A healthful home food environment: Is it possible amidst household chaos and parental stress?

Research output: Contribution to journalArticle

Abstract

Purpose: This study examines how household chaos and unmanaged parental stress are associated with and contribute to variance in markers of the home food environment (family meal frequency, perceived barriers to cooking, healthful home food availability). Obtaining a better understanding of these relationships could guide more effective family-based interventions to promote healthful home food environments. Methods: The analytic sample included 819 households with children in the population-based Project EAT-IV cohort with survey data from 2015 to 2016. Multiple linear regression was used to generate means and 95% confidence intervals of home food environment variables, and estimates for the contribution of household chaos (defined by frenetic activity, loud noises and disorder), and quartiles of unmanaged parental stress (ratio of perceived stress and ability to manage stress). Model fit was also examined. Results/findings: Both household chaos and quartiles of unmanaged parental stress were independently and inversely associated with family meal frequency (p's < 0.001) and positively associated with perceived mealtime preparation barriers (p's < 0.001). Unmanaged parental stress was also inversely associated with healthful home food availability (p = 0.004). Models including demographic characteristics, household chaos scores, and quartiles of unmanaged parental stress index showed significantly improved model fit for all outcomes compared to less comprehensive models. Among families with high chaos, those having 7 + family meals/week were significantly more likely to have lower mealtime preparation barrier scores, younger children and higher healthful home food availability scores than families eating together less often. Conclusions: Interventions to assist with parental management of stress and chaos within the home environment (e.g., establishing routines) may increase family meal frequency and the quality of children's home food environments.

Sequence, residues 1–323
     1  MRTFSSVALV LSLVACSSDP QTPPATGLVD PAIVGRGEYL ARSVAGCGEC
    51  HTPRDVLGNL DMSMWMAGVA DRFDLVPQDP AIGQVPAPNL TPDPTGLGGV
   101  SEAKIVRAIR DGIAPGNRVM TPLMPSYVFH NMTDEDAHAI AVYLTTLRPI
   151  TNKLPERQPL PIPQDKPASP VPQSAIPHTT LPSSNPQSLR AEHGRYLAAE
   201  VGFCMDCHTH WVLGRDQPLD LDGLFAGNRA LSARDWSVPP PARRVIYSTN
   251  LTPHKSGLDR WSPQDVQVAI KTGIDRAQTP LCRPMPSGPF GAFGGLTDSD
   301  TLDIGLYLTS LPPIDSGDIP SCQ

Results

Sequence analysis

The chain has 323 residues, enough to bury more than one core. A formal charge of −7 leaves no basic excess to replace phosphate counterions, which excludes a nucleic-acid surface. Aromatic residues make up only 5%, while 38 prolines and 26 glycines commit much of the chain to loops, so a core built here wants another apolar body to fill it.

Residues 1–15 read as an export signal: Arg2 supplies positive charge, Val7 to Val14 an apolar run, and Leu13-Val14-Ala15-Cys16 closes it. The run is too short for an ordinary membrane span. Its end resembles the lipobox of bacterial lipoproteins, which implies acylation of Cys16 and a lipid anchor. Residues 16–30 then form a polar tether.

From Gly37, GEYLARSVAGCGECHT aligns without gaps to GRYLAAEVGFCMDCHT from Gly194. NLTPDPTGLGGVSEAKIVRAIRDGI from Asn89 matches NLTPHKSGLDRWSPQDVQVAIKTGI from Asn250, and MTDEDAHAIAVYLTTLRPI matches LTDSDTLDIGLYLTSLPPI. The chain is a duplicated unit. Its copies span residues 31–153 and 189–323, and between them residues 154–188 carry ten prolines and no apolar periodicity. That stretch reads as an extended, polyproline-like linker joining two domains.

Original languageEnglish (US)
Article number104391
JournalAppetite
Volume142
DOIs
StatePublished - Nov 1 2019

Fingerprint

Meals
Food
Aptitude
Cooking
Noise
Linear Models
Eating
Demography
Confidence Intervals
Population

Cite this

@article{e77ef2748dec407f88cd48a4643c8762,
title = "A healthful home food environment: Is it possible amidst household chaos and parental stress?",
abstract = "Purpose: This study examines how household chaos and unmanaged parental stress are associated with and contribute to variance in markers of the home food environment (family meal frequency, perceived barriers to cooking, healthful home food availability). Obtaining a better understanding of these relationships could guide more effective family-based interventions to promote healthful home food environments. Methods: The analytic sample included 819 households with children in the population-based Project EAT-IV cohort with survey data from 2015 to 2016. Multiple linear regression was used to generate means and 95{\%} confidence intervals of home food environment variables, and estimates for the contribution of household chaos (defined by frenetic activity, loud noises and disorder), and quartiles of unmanaged parental stress (ratio of perceived stress and ability to manage stress). Model fit was also examined. Results/findings: Both household chaos and quartiles of unmanaged parental stress were independently and inversely associated with family meal frequency (p's < 0.001) and positively associated with perceived mealtime preparation barriers (p's < 0.001). Unmanaged parental stress was also inversely associated with healthful home food availability (p = 0.004). Models including demographic characteristics, household chaos scores, and quartiles of unmanaged parental stress index showed significantly improved model fit for all outcomes compared to less comprehensive models. Among families with high chaos, those having 7 + family meals/week were significantly more likely to have lower mealtime preparation barrier scores, younger children and higher healthful home food availability scores than families eating together less often. Conclusions: Interventions to assist with parental management of stress and chaos within the home environment (e.g., establishing routines) may increase family meal frequency and the quality of children's home food environments.",
author = "Jayne Fulkerson and S. Telke and Larson, {Nicole I} and Berge, {Jerica M} and Sherwood, {Nancy E} and Neumark-Sztainer, {Dianne R}",
year = "2019",
month = "11",
day = "1",
doi = "10.1016/j.appet.2019.104391",